According to the Chinese Zodiac, 2019 is the year of the Pig. However, in the San Francisco Bay Area, 2019 is actually the year of the Unicorn. As you have probably already heard, several high-profile Unicorns (Lyft, Uber, Airbnb, Slack, Pinterest, Zoom, and more) could have their Initial Public Offering (IPO) over the next few months. If you are lucky enough to work at one of these unicorns… Congratulations! I have heard first hand from family members, friends, and clients about the incredible grind you have been through. Celebrations are certainly in order! In this post, I attempt to do my best to explain simply what this all means for you, so that you can make smarter financial choices after your IPO hangover subsides.
What does an IPO do to your stock?
Technically nothing! Believe it or not, nothing actually happens to your stock after the IPO. As a shareholder, you were already an owner of the business prior to the IPO, and you will remain a shareholder until you choose to sell your equity.
So What Has Changed?
Your company’s IPO does change couple things:
1) Your company will have more money in the bank! In exchange for shares, your business receives additional capital. This is similar to when your company received funds from VC’s or private investors, the only difference is now anyone can now be an investor in your company.
2) The value of your business will now be appraised daily. While private, the value of your business was really only appraised anytime you obtained additional funding. Now the market (more on this later) will continually revalue your company every day the stock market is open. A simple analogy is to think of your stock like your house. While you might have a general idea of what your house is worth, you don’t really know until you hire a realtor and get some real bids. Having your company IPO is like hiring a realtor for your stock. However, instead of getting a few bids for your property, you are going to get a new bid every nano-second of the trading day.
How does an IPO affect you?
In a word: Liquidity.Yes, it’s that simple. In the past you may have had “liquidity events” where you were able to cash out some of your shares (RSU’s, etc). An IPO gives you the option to decrease (or increase) your investment at the market’s daily figure (assuming you have vested and/or are not in a lock-up period). Essentially, owning shares in a public company gives you more flexibility. The benefits of liquidity are fairly obvious; however, this liquidity adds a new psychological obstacle to your financial decision-making process.
As humans, we are loss-averse. This means we feel the pain of losses much more than we enjoy the thrill of comparably-sized gains! The mental anguish caused by your company’s stock dropping can be very difficult to deal with and cause you to make irrational decisions. We all have a tendency to let emotions drive our financial decision making.
“Mr. Market” A Framework for Protecting Yourself from Yourself
I’d like to share a framework that has helped me make more rational investment decisions. In his famous book, The Intelligent Investor, Benjamin Graham describes the mechanics of the stock market through a fictional character, Mr. Market.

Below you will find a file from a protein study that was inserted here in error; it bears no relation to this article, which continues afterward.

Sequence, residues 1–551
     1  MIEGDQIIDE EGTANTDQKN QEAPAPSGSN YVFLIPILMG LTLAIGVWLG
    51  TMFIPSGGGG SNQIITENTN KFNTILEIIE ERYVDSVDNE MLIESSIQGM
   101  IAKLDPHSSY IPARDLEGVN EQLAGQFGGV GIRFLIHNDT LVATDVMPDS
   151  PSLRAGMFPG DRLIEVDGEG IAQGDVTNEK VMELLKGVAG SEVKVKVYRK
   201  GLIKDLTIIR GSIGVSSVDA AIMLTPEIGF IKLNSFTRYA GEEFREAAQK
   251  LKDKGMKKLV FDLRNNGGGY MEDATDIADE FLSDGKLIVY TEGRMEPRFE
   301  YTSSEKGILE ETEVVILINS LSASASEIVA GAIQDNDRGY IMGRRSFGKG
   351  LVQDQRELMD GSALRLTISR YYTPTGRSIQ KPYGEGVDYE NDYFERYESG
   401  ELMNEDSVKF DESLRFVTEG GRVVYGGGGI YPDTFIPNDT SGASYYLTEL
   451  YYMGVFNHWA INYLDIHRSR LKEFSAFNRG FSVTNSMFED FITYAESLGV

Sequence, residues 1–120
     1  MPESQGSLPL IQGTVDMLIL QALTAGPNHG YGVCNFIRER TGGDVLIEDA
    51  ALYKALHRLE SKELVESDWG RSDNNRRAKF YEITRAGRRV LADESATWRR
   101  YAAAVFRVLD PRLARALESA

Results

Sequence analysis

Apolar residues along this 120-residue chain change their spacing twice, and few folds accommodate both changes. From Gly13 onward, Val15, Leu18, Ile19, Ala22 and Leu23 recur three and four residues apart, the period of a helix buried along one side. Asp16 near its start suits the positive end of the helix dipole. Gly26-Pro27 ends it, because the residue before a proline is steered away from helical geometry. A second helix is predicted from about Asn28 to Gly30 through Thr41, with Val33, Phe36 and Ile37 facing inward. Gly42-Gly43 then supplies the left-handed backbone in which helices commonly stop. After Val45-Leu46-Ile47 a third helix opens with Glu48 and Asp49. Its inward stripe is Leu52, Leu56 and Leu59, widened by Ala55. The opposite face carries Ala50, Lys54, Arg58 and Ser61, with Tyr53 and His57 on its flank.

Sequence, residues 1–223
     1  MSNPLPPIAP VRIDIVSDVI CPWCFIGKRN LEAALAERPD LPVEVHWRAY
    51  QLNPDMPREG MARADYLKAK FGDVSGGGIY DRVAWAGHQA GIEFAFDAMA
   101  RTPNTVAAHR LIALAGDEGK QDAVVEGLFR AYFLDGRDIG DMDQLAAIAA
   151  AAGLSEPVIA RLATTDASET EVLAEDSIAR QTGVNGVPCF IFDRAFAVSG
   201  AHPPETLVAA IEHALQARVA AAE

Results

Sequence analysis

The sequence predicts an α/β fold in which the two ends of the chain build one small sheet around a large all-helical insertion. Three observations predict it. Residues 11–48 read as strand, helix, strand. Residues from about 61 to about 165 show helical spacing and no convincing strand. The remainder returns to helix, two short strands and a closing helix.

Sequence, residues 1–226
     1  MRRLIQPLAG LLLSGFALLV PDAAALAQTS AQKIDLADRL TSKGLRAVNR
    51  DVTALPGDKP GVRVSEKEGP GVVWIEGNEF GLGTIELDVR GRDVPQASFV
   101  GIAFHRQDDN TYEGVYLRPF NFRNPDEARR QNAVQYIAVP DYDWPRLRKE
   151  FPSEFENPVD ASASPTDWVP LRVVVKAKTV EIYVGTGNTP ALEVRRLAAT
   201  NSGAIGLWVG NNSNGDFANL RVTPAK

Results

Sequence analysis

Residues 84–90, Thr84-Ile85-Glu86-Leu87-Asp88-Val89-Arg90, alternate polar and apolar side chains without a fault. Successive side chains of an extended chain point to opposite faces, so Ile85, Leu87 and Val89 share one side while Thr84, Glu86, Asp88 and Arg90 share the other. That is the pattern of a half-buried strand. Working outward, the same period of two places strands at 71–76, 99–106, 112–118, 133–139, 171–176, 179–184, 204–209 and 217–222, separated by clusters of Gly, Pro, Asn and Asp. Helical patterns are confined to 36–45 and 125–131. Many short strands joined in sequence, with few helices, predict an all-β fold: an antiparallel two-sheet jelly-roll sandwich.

“… Mr. Market, is very obliging indeed. Every day he tells you what he thinks your interest [stock] is worth and furthermore offers either to buy you out or to sell you an additional interest on that basis. Sometimes his idea of value appears plausible and justified by business developments and prospects as you know them. Often, on the other hand, Mr. Market lets his enthusiasm or his fears run away with him, and the value he proposes seems to you a little short of silly.
If you are a prudent investor, will you let Mr. Market’s daily communication determine your view as the value of your stock? Only in case you agree with him, or in case you want to trade with him. You may be happy to sell out to him when he quotes you a ridiculously high price, and equally happy to buy from him when his price is low. But the rest of the time you will be wiser to form your own ideas of the value of your holdings…”
So once your company goes public, Mr. Market will arrive everyday with an offer to buy and/or sell your stock. There is no doubt that at times it will take a lot of discipline to sell your red-hot stock to Mr. Market, and at others it will take courage to ignore Mr. Market and hold tight.
There is no sugar-coating it: investing is simple, but not easy. Ultimately, you have to consider whether you have the time, knowledge, and, most importantly, emotional fortitude to successfully manage your investments on your own.
Your own financial situation is unique, so if you would like to discuss what your company’s IPO means for you, you are welcome to shoot me an email or give me a call anytime.
FYI… as a Financial Advisor, I work in an extremely regulated industry. For compliance purposes I am not allowed to accept “likes,” or respond to comments publicly. That being said, I do read them (all of them) and will do my best to reach out to you directly.
Thank you for reading!
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Disclaimer: Pring Turner is a Financial Advisor headquartered in Walnut Creek CA, and is registered with the Securities and Exchange Commission under the Investment Advisers Act of 1940. The views represented herein are Pring Turner’s own and all information is obtained from sources believed to be accurate and reliable. This information should not be considered a solicitation or offer to provide any service in any jurisdiction where it would be unlawful to do so. All indices are unmanaged and are not available for direct investment. Past performance does not guarantee future results.
Articles filed under Financial Planning
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